What to Do if Your Dog Is Pulling on the Leash
Do you ever see a person walking their well-behaved dog on a leash and wonder, “How can I stop my dog from pulling on the leash?” With the right tools and patience, you can learn how to leash train a dog to remain calm while walking on a leash. Soon, you and your pup will be the envy of the neighborhood.
Put Yourself in Your Pup’s Shoes
Imagine what wearing a dog leash is like. If I tied a rope to your neck, would you automatically stand next to me? Probably not.
What if it was a hot day, and there was a lemonade stand a few feet away, but when you walked that way, I jerked you back. Would you forget about the lemonade and happily follow me? I doubt it.
You might learn to stay close if I yanked the leash every time you moved away. However, I don’t think you’d like it very much.
If you’re wondering how to leash train a dog, the key isn’t to punish your dog for being in the wrong place. The key is teaching your dog where to be.
If you’ve experienced your dog pulling on the leash, you, like most people, probably jerk the leash repeatedly. Unfortunately, yanking on the leash tends to just frustrate or upset the dog.
Instead of jerking the leash back or telling your dog what not to do, focus on telling your dog what you want him to do and where you want him to be. This is the most productive way for leash training a dog.
Essential Leash Training Equipment
To begin leash training, make sure you have a dog leash, a dog clicker and some dog treats. Smaller treats, like Pet Botanics training rewards treats, work well because you can feed your dog many of them during your session. A pouch like ChuckiIt!’s treat tote is helpful to free up your hands so you can hold the clicker and the leash.
I recommend clipping the dog leash onto a dog harness instead of a dog collar. A quality front-clip harness, like 2 Hounds Design’s no-pull harness, can help prevent neck injury to pups and can assist you if the dog pulls unexpectedly.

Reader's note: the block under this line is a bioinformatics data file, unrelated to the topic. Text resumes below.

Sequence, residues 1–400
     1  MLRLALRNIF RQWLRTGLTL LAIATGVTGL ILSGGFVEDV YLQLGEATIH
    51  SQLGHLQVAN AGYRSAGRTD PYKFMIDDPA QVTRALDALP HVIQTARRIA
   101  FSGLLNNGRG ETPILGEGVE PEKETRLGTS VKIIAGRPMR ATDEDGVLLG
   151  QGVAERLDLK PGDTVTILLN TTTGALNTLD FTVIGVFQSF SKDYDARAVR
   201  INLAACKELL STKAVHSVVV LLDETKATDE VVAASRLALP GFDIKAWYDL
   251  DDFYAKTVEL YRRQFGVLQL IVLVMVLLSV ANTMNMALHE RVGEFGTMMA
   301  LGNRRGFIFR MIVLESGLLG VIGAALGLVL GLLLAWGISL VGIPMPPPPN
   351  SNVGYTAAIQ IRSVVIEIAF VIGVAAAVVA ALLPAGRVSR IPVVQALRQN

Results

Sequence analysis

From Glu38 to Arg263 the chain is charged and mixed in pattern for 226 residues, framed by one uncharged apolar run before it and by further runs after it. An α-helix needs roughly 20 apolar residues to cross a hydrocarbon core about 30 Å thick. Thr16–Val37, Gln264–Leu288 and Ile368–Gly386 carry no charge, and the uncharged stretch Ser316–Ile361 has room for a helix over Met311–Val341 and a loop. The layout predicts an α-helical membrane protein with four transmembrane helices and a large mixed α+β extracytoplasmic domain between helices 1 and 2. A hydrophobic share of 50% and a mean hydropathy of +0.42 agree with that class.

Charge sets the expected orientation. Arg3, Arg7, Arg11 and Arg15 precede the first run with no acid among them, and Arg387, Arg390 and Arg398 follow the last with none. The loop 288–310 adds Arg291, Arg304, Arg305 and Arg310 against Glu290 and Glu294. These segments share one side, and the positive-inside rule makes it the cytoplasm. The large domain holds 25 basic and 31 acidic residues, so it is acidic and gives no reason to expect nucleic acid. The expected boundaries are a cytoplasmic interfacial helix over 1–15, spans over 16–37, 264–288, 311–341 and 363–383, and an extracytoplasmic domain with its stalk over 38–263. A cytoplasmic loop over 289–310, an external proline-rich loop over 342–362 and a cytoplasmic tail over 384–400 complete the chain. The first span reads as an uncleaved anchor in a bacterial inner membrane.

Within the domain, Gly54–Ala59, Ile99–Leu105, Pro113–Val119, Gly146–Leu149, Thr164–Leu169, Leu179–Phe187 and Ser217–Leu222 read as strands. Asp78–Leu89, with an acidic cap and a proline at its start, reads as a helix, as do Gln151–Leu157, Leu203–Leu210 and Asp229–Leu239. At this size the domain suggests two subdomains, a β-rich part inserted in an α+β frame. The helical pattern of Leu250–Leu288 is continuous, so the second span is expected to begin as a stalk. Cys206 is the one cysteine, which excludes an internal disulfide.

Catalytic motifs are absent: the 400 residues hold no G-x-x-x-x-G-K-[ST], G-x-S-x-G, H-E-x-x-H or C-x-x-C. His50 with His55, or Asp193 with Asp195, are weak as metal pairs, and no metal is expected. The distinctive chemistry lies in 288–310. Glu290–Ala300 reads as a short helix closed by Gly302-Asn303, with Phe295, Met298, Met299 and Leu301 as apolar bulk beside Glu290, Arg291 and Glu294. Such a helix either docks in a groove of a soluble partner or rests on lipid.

How to Stop a Dog from Pulling
Start in a small space.
In the beginning, practice leash walking in a small, boring indoor space, like a bathroom or a hallway. Stand quietly near your dog holding a fixed-length leash by the handle.
Give your dog some slack.
Avoid absentmindedly wrapping the leash around your hand because that changes the leash length and makes it harder for your dog to learn how much room he has to move. Give your dog the full length of the leash. Your clicker, not the leash, will “do the talking.”
Teach your dog that staying close = reward.
While standing still, confirm that the leash has a nice curve to it, so it’s in a “smile-shape” or “J-shape.” Assuming it is, click your clicker. Then feed your pup a treat at his head height right beside your pant seam (the side where you want your dog to walk.) By feeding there, you encourage your dog to stay at your side—after all, why move away from where the treats happen?
NOTE: I feed the treat with the hand that’s on the same side as the dog. That way the dog doesn’t cross in front of me to get to the treat from the opposite hand.
Repeat this a few times so your dog learns that staying close pays well. Then take a small step forward and wait; most dogs will step forward with you.
When your dog steps forward, click and then feed. Repeat this process, gradually increasing how far you go with each step, until your dog steps forward with you each time. Click only when the leash is loose.
Move to a larger training space.
Once your dog is good at this in the small space, move to a larger space and practice stepping forward, clicking and treating each time your dog moves with you. Then practice in a relatively calm outdoor space, like your yard.
“All of that’s very well,” you may say, “but once we’re out in the real world, we’re back in ‘dog pulling on leash’ mode.” To prevent this, limit how far you go on walks for the moment.
Stop as soon as the pulling starts.
Only walk as far as you can while the dog leash stays in that nice smile shape. As soon as your dog starts pulling, turn around and go home.
You might walk up and down the front walk for several minutes at first, but as long as you keep turning around when your dog starts pulling on the leash, and click and treat every step when the leash is loose, your dog will learn to walk better.
Over the course of multiple walks, extend how far you go. I often ask clients to walk out to the sidewalk, turn right, go as far as possible on a loose leash, then turn around and go back to the door, then go out to the sidewalk again, turn left, and so on.
The key is to work within your dog’s limits. Once your dog is walking nicely outside when you click and feed every step, you can start to click and feed less often. With practice, you’ll be walking comfortably on leash together all over the neighborhood.
Leash training takes time, but it’s well worth it for your everyday walks together. For everyday use, I recommend sticking with a front-clip harness to help you deal with sudden pulling.
For very large dogs, consider using a head harness, like the Walk ‘n Train’s head halter. It also helps to click and feed dog treats more often in exciting situations and to keep your distance from known “hazards,” such as barking dogs behind fences.
Featured Image: via iStock.com/Photoboyko